An update on the benthic algae of Mansfield pass, texas.
The macroalgae, a critical component of ecological communities in the estuaries and gulf waters of Texas, are among the least studied biological groups in the U.S. (Lehman 1999). Because of its isolation, the Mansfield Pass area has been particularly understudied, especially with regard to macroalgae. Kaldy et al. (1995) reported little or no information available regarding the Mansfield Pass jetties, their investigation being the first to report exclusively on them. They suggested that the number of macroalgal species recorded from Mansfield Pass was low in comparison to other Texas coastal jetties and a more diverse flora would be likely revealed with continued investigation.
This study provides an update to the macroalgal community of Mansfield Pass. Through intensive sampling this study was able to assess a broader coverage of macroalgae than previous studies. In addition, over a prolonged period (multiple seasons) this study was able to account for seasonal periodicity in the macroalgal community that previous studies did not include. As a result 16 additional species of macroalgae were documented and catalogued that had not been previously reported for the area, increasing the total species richness for the site from thirty-two to forty-eight.
Mansfield Pass is a relatively remote, man-made, tidal inlet linking the Port of Mansfield to the northwestern Gulf of Mexico. It is accessible only by a nine-mile boat ride from Port Mansfield, a 63-mile four-wheel drive south down Padre Island National Seashore from Corpus Christi, or a 34-mile four-wheel drive north from South Padre Island. The Mansfield Pass jetties are located at approximately 26[degrees] 34' N and 97[degrees] 16' W. Finished in 1958, Mansfield Pass connects the Gulf of Mexico to the lower Laguna Madre and is lined with granite jetties. Mansfield Pass and the Laguna Madre are considered subtropical. Both air and water temperatures are highest during July, and coolest during January and February, respectively.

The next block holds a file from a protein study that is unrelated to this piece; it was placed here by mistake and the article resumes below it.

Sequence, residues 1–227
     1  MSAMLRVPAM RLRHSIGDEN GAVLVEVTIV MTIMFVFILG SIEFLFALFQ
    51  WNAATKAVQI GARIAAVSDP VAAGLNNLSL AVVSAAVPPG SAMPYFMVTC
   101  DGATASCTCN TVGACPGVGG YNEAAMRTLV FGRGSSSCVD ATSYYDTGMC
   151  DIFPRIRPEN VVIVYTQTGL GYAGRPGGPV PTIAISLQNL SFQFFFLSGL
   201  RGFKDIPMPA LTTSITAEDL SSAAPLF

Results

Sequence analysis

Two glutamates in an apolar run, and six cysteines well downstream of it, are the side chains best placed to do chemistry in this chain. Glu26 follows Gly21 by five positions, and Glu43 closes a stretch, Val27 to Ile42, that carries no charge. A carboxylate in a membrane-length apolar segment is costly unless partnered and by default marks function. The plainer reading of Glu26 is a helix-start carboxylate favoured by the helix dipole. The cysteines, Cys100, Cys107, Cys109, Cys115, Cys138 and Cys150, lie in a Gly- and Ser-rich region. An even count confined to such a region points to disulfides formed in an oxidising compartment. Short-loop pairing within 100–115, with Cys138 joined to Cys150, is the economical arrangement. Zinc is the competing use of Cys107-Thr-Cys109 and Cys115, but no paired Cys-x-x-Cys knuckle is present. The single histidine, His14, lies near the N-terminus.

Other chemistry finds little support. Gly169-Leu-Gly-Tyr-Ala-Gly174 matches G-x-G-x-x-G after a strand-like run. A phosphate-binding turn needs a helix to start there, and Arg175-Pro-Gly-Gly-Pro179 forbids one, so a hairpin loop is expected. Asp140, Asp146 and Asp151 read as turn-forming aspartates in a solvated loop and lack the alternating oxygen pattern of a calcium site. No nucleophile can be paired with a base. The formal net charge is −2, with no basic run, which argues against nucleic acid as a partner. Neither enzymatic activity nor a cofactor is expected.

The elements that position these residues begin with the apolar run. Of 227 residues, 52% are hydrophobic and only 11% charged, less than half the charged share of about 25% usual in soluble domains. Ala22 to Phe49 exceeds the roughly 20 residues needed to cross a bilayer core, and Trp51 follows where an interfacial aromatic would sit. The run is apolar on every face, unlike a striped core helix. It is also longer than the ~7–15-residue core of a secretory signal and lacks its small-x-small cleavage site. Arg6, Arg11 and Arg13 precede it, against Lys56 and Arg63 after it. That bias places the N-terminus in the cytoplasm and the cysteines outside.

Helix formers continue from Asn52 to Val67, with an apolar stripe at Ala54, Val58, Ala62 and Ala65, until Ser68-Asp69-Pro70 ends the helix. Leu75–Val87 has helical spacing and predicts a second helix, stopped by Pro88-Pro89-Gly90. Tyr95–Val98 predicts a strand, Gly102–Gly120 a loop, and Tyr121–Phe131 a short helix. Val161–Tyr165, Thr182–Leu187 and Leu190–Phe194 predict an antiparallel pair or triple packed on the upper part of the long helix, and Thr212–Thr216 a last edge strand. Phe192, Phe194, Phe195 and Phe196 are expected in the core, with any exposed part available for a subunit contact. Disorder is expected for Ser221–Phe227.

MATERIALS AND METHODS
This study was conducted from July 2002 to June 2003 to assess the macroalgal community along the rocky jetties of Mansfield Pass (26[degrees] 34' N and 97[degrees] 16' W). Nine sites along both sides of the north and south jetties were identified to ensure that both the protected and exposed sides were sampled bimonthly using destructive sampling techniques. At each site transects were set along jetty rocks extending vertically from the high water line to the submerged sandy substratum and a 20 by 20cm (0.04[m.sup.2]) quadrat was sampled at 10cm intervals. Transects extended from the supralittoral to the sublittoral zones to allow all macroalgac present to be sampled. Transect length varied by location due to the depth variation from near to offshore.